Representation and Interpretation – Pepsi

Representation and Interpretation – Pepsi

For some, these images may just look like Kendall Jenner handing a police officer a Pepsi. You may see her surrounded by friends, having a laugh. Maybe you aren’t able to see anything wrong.

The truth is, there is something deeply wrong with these images. Start by comparing them to the photos below.

Another simple offering handed to police officers. Only this time, it isn’t met with the same reaction. The woman is taken away. This is the reality.

Kendall Jenner starred in a Pepsi ad, first aired in 2017, that went viral, but not for a good reason. The ad depicted Jenner defusing a protest situation by handing a police officer a Pepsi, after witnessing the protest from a photoshoot. The ad was released at a particularly hostile time in American politics. Black Lives Matter protests were in full swing across the nation and people had a range of opinions on the issue. It was poor form of the company, and Kendall Jenner for agreeing to star in the ad. After much opposition from people across the world, the ad was removed from distribution after just one day.

The Black Lives Matter movement is incredibly important, in America, and here in Australia. It brings awareness to horrific and unjustified deaths of so many black people by police and civilians. In America, in 2012, Trayvon Martin was shot and killed after a man thought he looked suspicious walking through the neighbourhood of relatives he was visiting. In 2014, Eric Garner was selling cigarettes on the street when he was put in a chokehold (against NYPD protocol). He yelled out “I can’t breathe” multiple times until he became unconscious and later died.

In Australia, Ms Dhu, a Yamatji woman, was arrested for unpaid fines after calling police on her partner who was violating an AVO. She died in custody 2 days later after multiple complaints of poor health were ignored or overlooked by supervising officers. Sadly, this is just a small example of hundreds of similar deaths.

It is understandable however, that many would not see anything wrong with Pepsi’s ad. They may not be up-to-date with the political climate of the United States. They could be unaware of the sadness and anger surrounding the deaths of so many, innocent black people from gun violence and the poor judgement, or even prejudice, of the country’s police. Maybe they are opposed to the Black Lives Matter movement, maybe they’re a police officer.

This is where the theme of this week’s blog post comes in. Interpretation and representation. Without background knowledge, or with our own preconceived opinions on certain topics, we may not be aware of an issue with a certain topic or action that may have a major impact on another community of people. Everyone will interpret this ad and group of photos in a different way. It can start a discussion or debate, but education is the key to understanding, empathy and action.

Photos:

Kendall Jenner –

Black Lives Matter Rally, Baton Rouge, Louisiana USA –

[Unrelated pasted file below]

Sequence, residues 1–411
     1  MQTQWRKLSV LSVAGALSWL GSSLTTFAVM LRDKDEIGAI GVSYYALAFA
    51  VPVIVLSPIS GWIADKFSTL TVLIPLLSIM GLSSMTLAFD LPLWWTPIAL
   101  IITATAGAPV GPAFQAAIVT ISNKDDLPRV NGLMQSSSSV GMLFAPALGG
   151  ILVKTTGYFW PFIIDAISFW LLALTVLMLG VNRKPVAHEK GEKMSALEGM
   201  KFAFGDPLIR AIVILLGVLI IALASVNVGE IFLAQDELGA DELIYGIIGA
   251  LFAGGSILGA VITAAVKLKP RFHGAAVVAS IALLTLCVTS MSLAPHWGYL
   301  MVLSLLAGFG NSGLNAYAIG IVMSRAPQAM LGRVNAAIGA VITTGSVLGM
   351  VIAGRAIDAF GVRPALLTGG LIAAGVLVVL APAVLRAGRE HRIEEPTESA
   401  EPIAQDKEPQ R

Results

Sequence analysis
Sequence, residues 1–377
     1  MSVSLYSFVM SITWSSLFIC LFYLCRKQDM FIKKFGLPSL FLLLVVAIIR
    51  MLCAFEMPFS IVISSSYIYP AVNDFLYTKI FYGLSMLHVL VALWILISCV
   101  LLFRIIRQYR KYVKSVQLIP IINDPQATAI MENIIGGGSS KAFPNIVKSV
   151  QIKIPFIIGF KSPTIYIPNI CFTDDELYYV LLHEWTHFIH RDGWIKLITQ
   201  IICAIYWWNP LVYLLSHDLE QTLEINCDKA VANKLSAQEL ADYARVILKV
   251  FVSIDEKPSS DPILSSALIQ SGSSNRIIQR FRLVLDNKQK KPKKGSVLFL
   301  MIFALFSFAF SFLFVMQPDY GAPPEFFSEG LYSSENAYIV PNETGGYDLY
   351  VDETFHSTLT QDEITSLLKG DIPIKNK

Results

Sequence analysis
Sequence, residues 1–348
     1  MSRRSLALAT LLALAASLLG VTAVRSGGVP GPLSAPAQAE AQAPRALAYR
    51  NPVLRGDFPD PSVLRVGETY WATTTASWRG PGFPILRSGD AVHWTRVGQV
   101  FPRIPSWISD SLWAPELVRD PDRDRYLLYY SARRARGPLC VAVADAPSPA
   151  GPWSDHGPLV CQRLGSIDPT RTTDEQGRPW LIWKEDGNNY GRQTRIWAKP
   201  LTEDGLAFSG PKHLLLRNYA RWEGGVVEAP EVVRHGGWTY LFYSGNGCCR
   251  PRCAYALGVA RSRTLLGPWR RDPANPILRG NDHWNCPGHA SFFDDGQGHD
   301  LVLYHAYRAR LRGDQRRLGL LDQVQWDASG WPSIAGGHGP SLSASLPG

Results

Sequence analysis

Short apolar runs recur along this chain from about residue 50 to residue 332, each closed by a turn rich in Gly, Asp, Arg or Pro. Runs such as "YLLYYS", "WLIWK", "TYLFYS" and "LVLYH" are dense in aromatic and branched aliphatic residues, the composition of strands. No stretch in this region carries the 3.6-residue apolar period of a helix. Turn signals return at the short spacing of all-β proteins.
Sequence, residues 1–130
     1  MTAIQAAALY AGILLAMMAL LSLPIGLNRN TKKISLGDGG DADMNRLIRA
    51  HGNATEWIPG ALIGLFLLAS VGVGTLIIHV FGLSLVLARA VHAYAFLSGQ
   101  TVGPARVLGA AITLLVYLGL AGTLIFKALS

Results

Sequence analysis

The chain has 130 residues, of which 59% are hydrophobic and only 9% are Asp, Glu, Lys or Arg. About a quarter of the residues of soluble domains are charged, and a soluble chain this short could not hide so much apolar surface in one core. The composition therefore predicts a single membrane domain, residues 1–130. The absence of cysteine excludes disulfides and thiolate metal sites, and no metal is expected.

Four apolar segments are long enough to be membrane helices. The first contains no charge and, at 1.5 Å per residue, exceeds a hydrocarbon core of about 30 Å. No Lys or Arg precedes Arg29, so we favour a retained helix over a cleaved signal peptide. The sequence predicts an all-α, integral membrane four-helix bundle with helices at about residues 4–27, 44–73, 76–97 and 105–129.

4 thoughts on “Representation and Interpretation – Pepsi

  1. I really like how you’ve used this image as an example of representation and interpretation! I know a lot of people who didn’t see anything wrong with the Pepsi commercial, because they didn’t know what it was referring to or representing and I think you’ve discussed that very well. Your post emphasises the importance of having background knowledge in order to make proper commentary on and issue. I think your post also outlines the importance that content creators and companies consider the implications and harm that ads like these can bring to the community from their poor judgement. Great work Abbey!

    Liked by 1 person

  2. Hey Abbey, this blog post is outstanding.
    You have pin pointed the illusion behind an image and how us as an audience interpret images without little knowledge.
    You have highlighted the fact that Pepsi made the wrong decision to post this advertisement as this topic is a real-life issue. Some people, as you stated, may look at this image and find nothing wrong with it, that is because of their lack of interpretation to this image.
    You discussed this topic very well, I am very excited to read more of your posts. You have a very distinct writing style that intrigues me. Well done.

    Liked by 1 person

  3. I think that the view point on audience’s interaction with images is true. Particularly in this instance, the Black Lives Matter movement was central in the media when this image came out, which heavily impacted on the way that people saw this image, provoking a reaction. I think this really begs the question, If the political and social climate of the time wasn’t where it is at the time of release, would the reaction to the campaign be as strong? In answering, I think perhaps not. This question really depicts the core of media audience as it is heavily influenced by the background, cultural context and social setting of the time.

    Liked by 1 person

  4. This was an interesting take on interpretation and representation. I like how you’ve shown a comparison of the images you’ve chosen; it really gives this post depth. The Pepsi ad was most definitely a controversial topic when it aired, and you’ve summed it up quite nicely on why and how it has been perceived differently based on the individuals experience on the matter. I’ll be honest when the ad was first released, I hadn’t even seen it until after the immediate backlash had occurred and it’s quite sad to see Pepsi trying to take advantage of Jenner’s popularity and the events taking place at that time to sell their soda. Whether it was their intention or not, they should have known better.

    Liked by 1 person

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